I am not a big sports fan. Every sporting event I have attended has been unpleasant for some reason. At school it was obligatory to support a football team. I didn't know which team to support so I chose one that was pretty close to where I was born, or so I thought at the time and bought a royal blue and white Chelsea scarf. I wore it to school where it was promptly stolen from my desk. My friend, "Mouse" declared I couldn't be a Chelsea fan if I had never seen them play. On the coldest day of the latter half of the twentieth century (at least that's what it felt like like) I was standing in the Shed at Stamford Bridge watching Chelsea play Wolves. Apart from the cold, the only thing I can remember about the game is the brilliance of the colors - the blue and orange of the teams contracted against the green of the field. I survived the sub-zero temperatures just about, but I never felt the need to go to another game. The Chelsea loyalty faded away, as had my scarf.
The next football game I attended was not a choice. I was attending an interesting music education conference in the NW when my boss and his deputy decided the entire Norfolk team - all three of us - were going into Manchester to support Norwich as they beat Manchester City. I had no choice because they frog-marched me out of the conference centre and into the car. I was rendered against my will. Again I have no memory of the game, but I do remember that I was the only one of the party who was stopped and searched at the turnstile, while my boss and his right hand man stood and laughed.
The next big game I attended was at Yankee Stadium in New York to watch what I assumed was supposed to be a night of baseball. I'm sure it would have been more interesting had I understood what was going on, but I was still fuming from the indignity of being searched (again) and of having some of the young French people we were accompanying on the trip prevented from getting through security because they had ... cameras! Dangerous things, cameras. Paranoia is rarely attractive, specially in others. As to the game itself it is not like rounders, which is actually a lot more fun. It seemed to be random succession of long tedious and ridiculously overblown rants by someone with a microphone, huge gurning faces on a massive display screen, appallingly unhealthy and very aromatic food with the majority of the action on the field involving men in baseball outfits bimbling about walking on and off the field, with only the very occasional throw, catch or attempt to hit the ball with a baseball bat to try and justify the crucifying entry fee. It was even more tedious than cricket.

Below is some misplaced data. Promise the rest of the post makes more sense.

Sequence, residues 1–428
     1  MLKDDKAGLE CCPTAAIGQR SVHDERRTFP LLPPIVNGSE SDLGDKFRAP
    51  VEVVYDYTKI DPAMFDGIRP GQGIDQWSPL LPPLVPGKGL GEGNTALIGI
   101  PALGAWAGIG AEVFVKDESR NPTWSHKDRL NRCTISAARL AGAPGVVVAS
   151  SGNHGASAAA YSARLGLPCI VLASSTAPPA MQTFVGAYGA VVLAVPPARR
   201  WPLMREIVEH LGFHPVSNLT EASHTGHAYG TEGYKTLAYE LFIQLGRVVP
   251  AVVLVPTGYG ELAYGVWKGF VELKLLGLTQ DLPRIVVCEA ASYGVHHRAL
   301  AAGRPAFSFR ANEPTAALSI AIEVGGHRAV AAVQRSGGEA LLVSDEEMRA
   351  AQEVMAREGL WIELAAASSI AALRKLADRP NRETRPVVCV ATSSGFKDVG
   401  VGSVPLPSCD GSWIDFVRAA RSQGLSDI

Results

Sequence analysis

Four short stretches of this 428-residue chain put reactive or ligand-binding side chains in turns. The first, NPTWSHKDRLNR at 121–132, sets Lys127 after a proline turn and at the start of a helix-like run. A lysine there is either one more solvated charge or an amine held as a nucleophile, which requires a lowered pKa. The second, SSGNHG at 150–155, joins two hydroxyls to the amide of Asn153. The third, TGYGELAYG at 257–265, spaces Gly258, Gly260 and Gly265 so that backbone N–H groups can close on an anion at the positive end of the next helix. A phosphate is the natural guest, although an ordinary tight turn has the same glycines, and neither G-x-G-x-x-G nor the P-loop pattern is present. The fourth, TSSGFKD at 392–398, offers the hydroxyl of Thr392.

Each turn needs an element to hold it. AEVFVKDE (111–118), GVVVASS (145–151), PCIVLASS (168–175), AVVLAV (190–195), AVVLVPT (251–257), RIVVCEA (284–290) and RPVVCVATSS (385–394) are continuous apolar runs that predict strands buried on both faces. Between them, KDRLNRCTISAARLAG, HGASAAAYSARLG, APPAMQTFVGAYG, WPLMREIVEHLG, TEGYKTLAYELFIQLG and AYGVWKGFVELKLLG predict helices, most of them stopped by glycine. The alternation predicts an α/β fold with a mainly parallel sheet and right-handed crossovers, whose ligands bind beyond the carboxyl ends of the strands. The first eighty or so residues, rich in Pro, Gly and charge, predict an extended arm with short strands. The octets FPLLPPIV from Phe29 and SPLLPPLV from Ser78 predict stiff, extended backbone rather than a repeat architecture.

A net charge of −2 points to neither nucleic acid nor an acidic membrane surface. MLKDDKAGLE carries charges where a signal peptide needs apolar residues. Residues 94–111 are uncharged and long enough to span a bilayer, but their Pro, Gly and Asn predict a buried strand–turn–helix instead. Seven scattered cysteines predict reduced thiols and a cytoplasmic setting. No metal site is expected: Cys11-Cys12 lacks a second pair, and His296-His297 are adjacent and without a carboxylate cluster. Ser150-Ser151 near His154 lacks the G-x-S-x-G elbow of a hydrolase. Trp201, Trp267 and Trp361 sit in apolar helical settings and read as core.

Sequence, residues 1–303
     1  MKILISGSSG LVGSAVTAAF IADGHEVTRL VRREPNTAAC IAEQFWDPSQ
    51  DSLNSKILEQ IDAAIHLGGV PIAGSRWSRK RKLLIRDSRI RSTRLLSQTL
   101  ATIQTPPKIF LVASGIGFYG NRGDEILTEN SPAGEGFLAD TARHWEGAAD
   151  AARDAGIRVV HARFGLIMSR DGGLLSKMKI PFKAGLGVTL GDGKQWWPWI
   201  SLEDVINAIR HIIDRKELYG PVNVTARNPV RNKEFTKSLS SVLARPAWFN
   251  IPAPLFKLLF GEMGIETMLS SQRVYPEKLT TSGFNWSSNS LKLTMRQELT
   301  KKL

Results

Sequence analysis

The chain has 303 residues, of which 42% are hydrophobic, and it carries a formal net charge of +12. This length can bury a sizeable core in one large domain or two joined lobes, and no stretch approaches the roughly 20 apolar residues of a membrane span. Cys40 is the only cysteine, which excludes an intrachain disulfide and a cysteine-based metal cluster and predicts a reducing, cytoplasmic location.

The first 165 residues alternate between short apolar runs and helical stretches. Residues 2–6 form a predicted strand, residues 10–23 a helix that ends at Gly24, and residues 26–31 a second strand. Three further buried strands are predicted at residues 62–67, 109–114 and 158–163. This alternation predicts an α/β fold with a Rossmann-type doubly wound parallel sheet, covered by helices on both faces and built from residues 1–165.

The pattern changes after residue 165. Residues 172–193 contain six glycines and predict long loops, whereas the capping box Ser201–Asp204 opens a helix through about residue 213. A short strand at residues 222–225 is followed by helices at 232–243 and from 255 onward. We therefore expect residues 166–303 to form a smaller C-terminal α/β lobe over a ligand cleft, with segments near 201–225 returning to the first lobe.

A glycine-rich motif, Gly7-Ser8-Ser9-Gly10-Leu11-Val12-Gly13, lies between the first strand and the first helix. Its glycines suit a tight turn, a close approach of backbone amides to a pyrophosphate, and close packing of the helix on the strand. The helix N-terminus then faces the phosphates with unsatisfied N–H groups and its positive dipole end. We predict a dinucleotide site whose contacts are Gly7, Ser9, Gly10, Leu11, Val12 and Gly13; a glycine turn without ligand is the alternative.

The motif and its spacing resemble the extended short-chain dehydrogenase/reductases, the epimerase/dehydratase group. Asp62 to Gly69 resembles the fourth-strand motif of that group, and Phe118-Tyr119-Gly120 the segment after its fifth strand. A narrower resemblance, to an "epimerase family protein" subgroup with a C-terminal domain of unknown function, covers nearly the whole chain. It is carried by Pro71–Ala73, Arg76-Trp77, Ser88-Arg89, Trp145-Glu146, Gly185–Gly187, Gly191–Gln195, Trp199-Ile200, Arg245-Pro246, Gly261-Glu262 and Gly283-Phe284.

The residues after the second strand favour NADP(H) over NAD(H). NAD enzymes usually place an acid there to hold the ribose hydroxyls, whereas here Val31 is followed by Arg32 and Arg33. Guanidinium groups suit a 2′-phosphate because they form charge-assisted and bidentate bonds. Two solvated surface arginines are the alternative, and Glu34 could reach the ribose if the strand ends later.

It was, therefore, with some trepidation that I approached yesterday's Super Bowl. The local team, the Denver Broncos, were playing the Carolina Panthers ( I think I've got that right). The Panthers were the favorites to win, but the Broncos were the favorites in the house and in the neighborhood. We were to be part of the several millions of people to to out spectating from the comforts of our own (warm) homes. Outside the house, the snow that fell before Christmas was still piled high. My daughter-in-law had prepared lots of delicious food and informed me that more food was consumed on Super Bowl Sunday than on any other day in the United States, except for Thanksgiving. My son provided explanations of the various rituals and moves. I asked why it was called, "football" when the game clearly resembled more a game of British Bulldog among grown men. There was indeed ritual, there was also pagentry. There was even Coldplay, Beyoncé and Bruno Mars (which moved me on to safer territory). I rather like this photograph I saw on Facebook even if it is a little unfair ...
I surprised myself by watching the game all the way through, although it may be a once in a lifetime event. Despite the rule that clearly states that any team I pretend to prefer has to lose, the Denver Broncos won. Apparently there were fireworks going off all over Denver last night that were the rival of any Fourth of July celebration. Sitting in the airport today it seems that every other person is wearing Denver Broncos attire. This kind, if slightly bemused man allowed me to take a photograph of him wearing his hat as we were boarding the plane. Apparently season tickets can cost fans about $5,000 a year ...
I am going to try and sleep on this flight because, even though it leaves at 4:15pm it will arrive in Reykjavik at about 5.45 am.
See you in Iceland.